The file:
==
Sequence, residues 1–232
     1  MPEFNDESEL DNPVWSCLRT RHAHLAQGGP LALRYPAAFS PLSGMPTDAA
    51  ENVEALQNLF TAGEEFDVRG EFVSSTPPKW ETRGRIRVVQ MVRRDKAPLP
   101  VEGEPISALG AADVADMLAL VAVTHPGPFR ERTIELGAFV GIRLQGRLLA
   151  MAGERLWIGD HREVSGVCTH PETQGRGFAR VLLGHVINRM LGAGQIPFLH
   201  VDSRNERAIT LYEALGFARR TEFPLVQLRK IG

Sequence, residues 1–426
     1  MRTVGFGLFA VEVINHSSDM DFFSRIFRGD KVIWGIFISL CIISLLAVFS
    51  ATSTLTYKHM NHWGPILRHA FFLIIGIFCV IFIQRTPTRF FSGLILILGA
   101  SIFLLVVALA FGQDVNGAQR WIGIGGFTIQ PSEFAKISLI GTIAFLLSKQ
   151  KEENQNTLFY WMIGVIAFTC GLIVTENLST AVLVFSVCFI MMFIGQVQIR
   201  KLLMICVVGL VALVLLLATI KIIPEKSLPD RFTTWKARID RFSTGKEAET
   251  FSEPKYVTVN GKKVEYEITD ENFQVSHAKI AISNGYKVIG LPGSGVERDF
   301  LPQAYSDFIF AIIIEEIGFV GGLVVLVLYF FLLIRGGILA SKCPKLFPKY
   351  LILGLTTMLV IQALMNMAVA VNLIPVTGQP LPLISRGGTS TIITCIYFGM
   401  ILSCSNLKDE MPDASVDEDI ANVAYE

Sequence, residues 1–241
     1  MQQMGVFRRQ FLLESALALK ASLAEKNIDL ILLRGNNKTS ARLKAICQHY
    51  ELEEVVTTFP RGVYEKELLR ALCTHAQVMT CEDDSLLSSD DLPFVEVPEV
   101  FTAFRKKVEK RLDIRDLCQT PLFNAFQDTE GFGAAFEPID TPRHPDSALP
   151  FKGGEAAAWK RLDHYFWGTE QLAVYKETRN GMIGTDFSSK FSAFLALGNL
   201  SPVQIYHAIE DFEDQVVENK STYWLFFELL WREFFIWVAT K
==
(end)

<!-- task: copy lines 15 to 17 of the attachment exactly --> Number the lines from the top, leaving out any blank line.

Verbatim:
   351  LILGLTTMLV IQALMNMAVA VNLIPVTGQP LPLISRGGTS TIITCIYFGM
   401  ILSCSNLKDE MPDASVDEDI ANVAYE

Sequence, residues 1–241